Two Pride & Prejudice Graphic Novels

Pride & Prejudice is, deservedly, famous. It’s my favorite of the three Jane Austen novels I’ve read, but it doesn’t seem to work well in adaptation. It’s long, it’s detailed, it’s subtle. I do love Colin Firth as Mr. Darcy, but I have no particular attachment to other elements of the movies/miniseries/zombifications/etc. I found two separate graphic novel versions on a list of recommendations, though, so I thought I’d give them a try.

The first, a 2009 release from a line called Marvel Adaptations, is real bad. I liked the softness of the cover art and its styling as an old-fashioned ladies’ magazine, that was one of the main reasons I wanted to read it in the first place, but the cover artist (Sonny Liew) and interior artist (Hugo Petrus) are entirely different. The inside makes all the women look like 2000s TV stars with contouring and brows and glossy lipstick. It’s completely out of place for the time, plus the art is just not good, with dubious facial expressions and cropping that makes you feel hemmed in all the time. I liked how they used reaction shots to help establish what’s meant to be silly (like Mr. Collins), but that’s about all.

Unfortunately the writing/editing by Nancy Butler isn’t very good either, it tries to cram in too many details and would’ve done better to just leave some stuff out entirely. Leave it for when they fall in love with the story and go on to read the full novel, ya ain’t got space for all this! Plus it makes the context even more confusing for a modern reader since it there’s no room for explanation, and the initial reasons Elizabeth and Mr. Darcy dislike each other are super vague, which makes the whole book nonsensical.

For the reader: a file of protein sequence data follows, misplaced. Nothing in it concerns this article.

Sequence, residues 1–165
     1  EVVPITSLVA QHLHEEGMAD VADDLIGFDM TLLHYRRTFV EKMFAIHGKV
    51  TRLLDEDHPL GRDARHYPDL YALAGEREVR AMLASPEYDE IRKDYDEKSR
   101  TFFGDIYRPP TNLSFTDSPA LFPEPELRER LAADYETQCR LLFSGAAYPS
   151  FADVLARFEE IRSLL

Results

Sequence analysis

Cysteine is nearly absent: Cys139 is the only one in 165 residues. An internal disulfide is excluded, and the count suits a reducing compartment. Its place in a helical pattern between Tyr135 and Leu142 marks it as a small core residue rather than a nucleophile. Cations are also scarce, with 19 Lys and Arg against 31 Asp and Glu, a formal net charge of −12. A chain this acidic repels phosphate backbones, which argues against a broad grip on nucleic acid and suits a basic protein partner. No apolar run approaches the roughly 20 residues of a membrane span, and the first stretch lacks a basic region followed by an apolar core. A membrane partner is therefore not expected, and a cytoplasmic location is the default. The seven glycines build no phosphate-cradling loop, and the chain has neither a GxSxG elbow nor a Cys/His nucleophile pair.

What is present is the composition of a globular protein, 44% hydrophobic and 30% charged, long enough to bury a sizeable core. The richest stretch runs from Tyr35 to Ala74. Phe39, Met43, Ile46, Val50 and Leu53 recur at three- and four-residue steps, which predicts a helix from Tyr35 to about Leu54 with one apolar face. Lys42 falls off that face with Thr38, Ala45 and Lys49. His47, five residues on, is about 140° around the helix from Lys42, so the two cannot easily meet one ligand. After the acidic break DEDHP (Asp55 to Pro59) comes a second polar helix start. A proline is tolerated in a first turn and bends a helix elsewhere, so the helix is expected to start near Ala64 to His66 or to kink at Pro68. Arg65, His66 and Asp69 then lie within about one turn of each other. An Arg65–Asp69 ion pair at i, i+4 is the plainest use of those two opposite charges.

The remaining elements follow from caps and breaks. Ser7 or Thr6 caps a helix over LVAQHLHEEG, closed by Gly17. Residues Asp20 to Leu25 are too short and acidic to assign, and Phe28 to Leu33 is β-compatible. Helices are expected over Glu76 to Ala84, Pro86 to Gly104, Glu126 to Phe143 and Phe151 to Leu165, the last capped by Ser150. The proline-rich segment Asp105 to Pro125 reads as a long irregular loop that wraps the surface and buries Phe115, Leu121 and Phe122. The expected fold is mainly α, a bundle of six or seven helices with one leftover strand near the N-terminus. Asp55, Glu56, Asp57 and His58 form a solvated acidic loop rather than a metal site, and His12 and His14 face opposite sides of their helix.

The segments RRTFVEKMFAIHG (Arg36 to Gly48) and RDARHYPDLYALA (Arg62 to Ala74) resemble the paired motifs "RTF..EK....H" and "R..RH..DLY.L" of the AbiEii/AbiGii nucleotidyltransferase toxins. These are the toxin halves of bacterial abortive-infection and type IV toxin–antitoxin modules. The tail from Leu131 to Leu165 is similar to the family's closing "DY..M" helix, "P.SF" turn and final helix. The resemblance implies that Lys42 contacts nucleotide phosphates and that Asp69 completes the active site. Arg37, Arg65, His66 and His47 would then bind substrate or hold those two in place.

But there’s good news! The next adaptation, a version from Campfire Graphic Novels published in 2013, is way better! The art by Rajesh Nagulakonda is much better, creative and pleasant to look at, more interested in mood and color and conveying a scene. (Again, the cover artist is different). The writing/editing by Laurence Sach is also much more successful, simplifying the details and highlighting the essential plot points so you always know what’s happening. The romantic pacing is much better, and the characters come through more clearly because he doesn’t worry so much about the bit parts. Basically, this version fixes all the problems of the earlier one.

There’s not much to recommend that first one, but the Campfire version is worth a read if you’re a fan. It would also be great as a recommendation for younger readers or students who may be daunted by the full novel. You can still appreciate the story and wit as well as the art for its own sake, and being familiar with a plot can really help you make it through a classic if you’re struggling!


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